Video: Noted finger-pointer tired of all the finger-pointing

Even CBS’s White House correspondent can’t quite stomach the irony.

Since when does the BlameBush administration point fingers?

President Obama may have decried finger-pointing today, but he also did a fair amount of it himself. Not only at the three [oil] companies, but at previous administrations…

“For too long, for a decade or more, there has been a cozy relationship between the oil companies and the federal agency that permits them to drill. It seems as if permits were too often issued based on little more than assurances of safety from the oil companies. That cannot and will not happen anymore.” (watch the video at left)

“A decade or more” clearly encompasses the Bush Administration, and may include the Clinton years too. But Mr. Obama’s been president for nearly 16 months. Does he get at least a little piece of the blame?

According to The One? No, of course not. According to his favorite newspaper? Why, yes, as a matter of fact. Obama’s right about a cozy relationship between oil companies and regulators, but per today’s Times timeline, that problem didn’t suddenly end on January 20, 2009. On the contrary:

The federal Minerals Management Service gave permission to BP and dozens of other oil companies to drill in the Gulf of Mexico without first getting required permits from another agency that assesses threats to endangered species — and despite strong warnings from that agency about the impact the drilling was likely to have on the gulf.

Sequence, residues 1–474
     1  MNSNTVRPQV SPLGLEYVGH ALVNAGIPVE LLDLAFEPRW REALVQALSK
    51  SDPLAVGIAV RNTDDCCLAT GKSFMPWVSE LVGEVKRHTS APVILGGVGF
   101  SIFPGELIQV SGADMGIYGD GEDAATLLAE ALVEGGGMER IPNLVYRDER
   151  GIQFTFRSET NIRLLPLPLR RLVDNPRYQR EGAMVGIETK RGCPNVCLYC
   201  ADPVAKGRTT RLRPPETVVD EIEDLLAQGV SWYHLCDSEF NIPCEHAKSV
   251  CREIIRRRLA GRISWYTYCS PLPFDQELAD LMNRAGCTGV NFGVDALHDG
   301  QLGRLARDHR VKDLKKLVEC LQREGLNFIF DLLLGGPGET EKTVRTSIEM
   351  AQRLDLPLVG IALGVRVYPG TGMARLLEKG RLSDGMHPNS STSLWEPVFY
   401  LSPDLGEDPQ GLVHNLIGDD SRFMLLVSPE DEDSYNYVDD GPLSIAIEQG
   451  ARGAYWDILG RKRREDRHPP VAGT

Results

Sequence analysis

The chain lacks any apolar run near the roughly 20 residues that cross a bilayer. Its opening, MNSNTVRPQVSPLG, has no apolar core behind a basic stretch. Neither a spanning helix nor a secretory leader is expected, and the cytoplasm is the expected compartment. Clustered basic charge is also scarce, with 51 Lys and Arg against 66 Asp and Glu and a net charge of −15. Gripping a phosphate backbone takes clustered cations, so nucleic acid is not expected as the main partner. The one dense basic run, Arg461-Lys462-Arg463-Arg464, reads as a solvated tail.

Those approvals, federal records show, include one for the well drilled by the Deepwater Horizon rig, which exploded on April 20, killing 11 workers and resulting in thousands of barrels of oil spilling into the gulf each day…

The National Oceanic and Atmospheric Administration, or NOAA, is partly responsible for protecting endangered species and marine mammals. It has said on repeated occasions that drilling in the gulf affects these animals, but the minerals agency since January 2009 has approved at least three huge lease sales, 103 seismic blasting projects and 346 drilling plans. Agency records also show that permission for those projects and plans was granted without getting the permits required under federal law…

In a letter from September 2009, obtained by The New York Times, NOAA accused the minerals agency of a pattern of understating the likelihood and potential consequences of a major spill in the gulf and understating the frequency of spills that have already occurred there.

It’s astounding to me that he was willing to go out on a limb with his base by endorsing offshore drilling without first making sure that he wasn’t exposed to elevated risk of a spill. But then, passing the buck is just a Rose Garden press conference away. To his credit, he reaffirmed his support for drilling today — not a big surprise since the public’s still gung ho too — but as news about the leak moves from bad to worse to mind-bogglingly awful, I wonder how sturdy that’ll be. The latest estimate from NPR: The leak’s not spilling 5,000 barrels a day, as thought, but 70,000 barrels a day. The total leak from the Exxon Valdez measured just 250,000 barrels. We’re averaging … two Exxon Valdezes a week?